French metal festival Hellfest has been postponed until 2022: “We hoped for the best but the worst is coming”
Following the cancellation of Glastonbury last month, summer is looking pretty bleak for the second year in a row as organisers of huge French metal festival Hellfest have announced that their event has been pushed back until 2022.
The 2021 iteration of Hellfest was set to take place from June 18 – 20 in Clisson, with Deftones, Faith No More and System Of A Down headlining, but the festival crew have confirmed in a statement that, “The uncertainties about the health situation and the latest government regulations are forcing us to cancel the 2021 edition of the Hellfest.”
They reveal that in a “final meeting” last Thursday, February 18, a “verdict was returned” regarding the COVID-19 situation, with the French government allowing festivals under “drastic conditions: 5,000 seated people and social distancing”.
“These requirements make the organisation of our 2021 festival impossible and force us to postpone once again our anniversary edition,” Hellfest’s statement reads. “We do not wish to blame the government. We are well aware that the health situation requires everyone to be cautious. However, these measures are more or less the same as last year resulting in a ‘dead summer’ for the festivals and culture in general.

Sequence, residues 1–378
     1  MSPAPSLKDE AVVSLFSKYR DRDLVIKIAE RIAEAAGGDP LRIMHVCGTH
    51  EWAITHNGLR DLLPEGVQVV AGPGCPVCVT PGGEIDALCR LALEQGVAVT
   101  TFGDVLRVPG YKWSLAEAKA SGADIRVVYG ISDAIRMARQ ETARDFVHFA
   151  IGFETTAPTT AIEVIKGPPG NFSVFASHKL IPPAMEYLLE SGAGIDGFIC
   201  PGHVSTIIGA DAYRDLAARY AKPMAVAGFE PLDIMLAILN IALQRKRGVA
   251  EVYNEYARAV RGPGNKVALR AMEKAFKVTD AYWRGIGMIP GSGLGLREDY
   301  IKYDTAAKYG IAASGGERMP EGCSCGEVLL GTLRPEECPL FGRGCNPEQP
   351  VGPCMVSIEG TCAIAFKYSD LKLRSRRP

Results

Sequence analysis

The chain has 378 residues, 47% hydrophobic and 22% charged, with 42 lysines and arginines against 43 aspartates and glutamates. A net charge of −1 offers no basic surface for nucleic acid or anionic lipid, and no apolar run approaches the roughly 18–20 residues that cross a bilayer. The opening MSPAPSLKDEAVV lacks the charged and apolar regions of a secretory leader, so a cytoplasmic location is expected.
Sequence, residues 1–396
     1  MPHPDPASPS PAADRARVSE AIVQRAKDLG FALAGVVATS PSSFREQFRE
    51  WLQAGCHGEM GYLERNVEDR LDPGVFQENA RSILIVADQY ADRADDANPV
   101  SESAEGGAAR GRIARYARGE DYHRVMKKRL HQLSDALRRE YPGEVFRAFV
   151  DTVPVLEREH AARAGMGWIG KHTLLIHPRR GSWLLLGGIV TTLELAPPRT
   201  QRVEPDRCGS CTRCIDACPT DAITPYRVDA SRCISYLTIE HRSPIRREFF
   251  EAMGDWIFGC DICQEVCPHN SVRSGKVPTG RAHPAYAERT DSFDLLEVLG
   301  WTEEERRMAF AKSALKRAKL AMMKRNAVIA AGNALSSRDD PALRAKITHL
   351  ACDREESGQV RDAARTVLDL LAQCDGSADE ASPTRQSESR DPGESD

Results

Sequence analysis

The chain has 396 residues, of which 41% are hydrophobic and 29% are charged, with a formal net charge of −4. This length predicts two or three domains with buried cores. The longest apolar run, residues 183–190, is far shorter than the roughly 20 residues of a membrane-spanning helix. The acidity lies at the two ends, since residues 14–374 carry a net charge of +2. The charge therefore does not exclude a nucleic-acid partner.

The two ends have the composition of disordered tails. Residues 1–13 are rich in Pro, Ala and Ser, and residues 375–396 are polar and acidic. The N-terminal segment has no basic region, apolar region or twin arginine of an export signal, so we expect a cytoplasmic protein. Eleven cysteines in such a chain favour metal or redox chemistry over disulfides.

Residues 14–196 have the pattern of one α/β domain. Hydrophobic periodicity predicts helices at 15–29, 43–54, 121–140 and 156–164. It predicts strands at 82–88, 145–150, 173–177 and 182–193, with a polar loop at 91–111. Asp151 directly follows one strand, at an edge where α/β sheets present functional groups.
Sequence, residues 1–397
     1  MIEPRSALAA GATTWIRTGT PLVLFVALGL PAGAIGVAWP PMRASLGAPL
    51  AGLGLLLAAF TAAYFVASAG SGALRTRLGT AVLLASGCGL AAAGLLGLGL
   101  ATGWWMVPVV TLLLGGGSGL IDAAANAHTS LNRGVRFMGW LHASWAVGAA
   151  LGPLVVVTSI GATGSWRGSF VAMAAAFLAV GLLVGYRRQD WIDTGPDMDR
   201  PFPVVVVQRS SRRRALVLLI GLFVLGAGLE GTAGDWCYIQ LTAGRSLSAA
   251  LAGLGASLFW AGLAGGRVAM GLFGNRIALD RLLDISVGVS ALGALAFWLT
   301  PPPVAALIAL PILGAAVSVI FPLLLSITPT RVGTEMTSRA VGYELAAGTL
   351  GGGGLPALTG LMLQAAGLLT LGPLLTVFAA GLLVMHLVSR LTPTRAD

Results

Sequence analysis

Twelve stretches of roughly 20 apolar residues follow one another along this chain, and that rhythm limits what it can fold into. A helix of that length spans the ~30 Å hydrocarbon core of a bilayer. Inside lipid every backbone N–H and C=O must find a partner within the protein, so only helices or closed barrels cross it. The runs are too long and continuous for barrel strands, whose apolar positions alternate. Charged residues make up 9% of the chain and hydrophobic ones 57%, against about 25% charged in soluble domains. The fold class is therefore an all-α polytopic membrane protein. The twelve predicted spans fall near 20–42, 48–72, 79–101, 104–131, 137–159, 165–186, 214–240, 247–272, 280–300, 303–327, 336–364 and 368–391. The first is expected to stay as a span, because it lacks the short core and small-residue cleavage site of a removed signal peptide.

“A year has passed since the outbreak of the epidemic and it seems that little has been done for a return to a ‘normal life’ despite a greater knowledge of the disease, the vaccinations, the tests… We asked for answers, we had them… We obviously cannot be happy about those restrictions, which goes against the rock’n’roll experience we want to offer to our festival-goers. A festival should be a place of freedom, where social interactions and spirit of celebration cannot be sacrificed.
“We cannot imagine the Hellfest festival with 5,000 festival-goers drawn out of the 60,000 3‑day pass holders, seated and distanced. It is a heresy. Unfortunately, through this decision and new regulations, we see once again that musical aesthetics appreciated by young people are going to be hit hard next summer.
“Unlike other festivals, we make the hard choice not to accept these overly restrictive rules. It would go against the very DNA of the festival. We owe our festival-goers consistency in the project we want to offer them and for which they have agreed to pay a high price. Hellfest was born out of a desire to gather all the ‘extreme’ music lovers together in communion and a spirit of celebration. Living with the virus shouldn’t be giving up what makes us happy.
“The future of Hellfest is compromised and once again it is your trust and solidarity that will get us through this storm.”
Read the full statement below.
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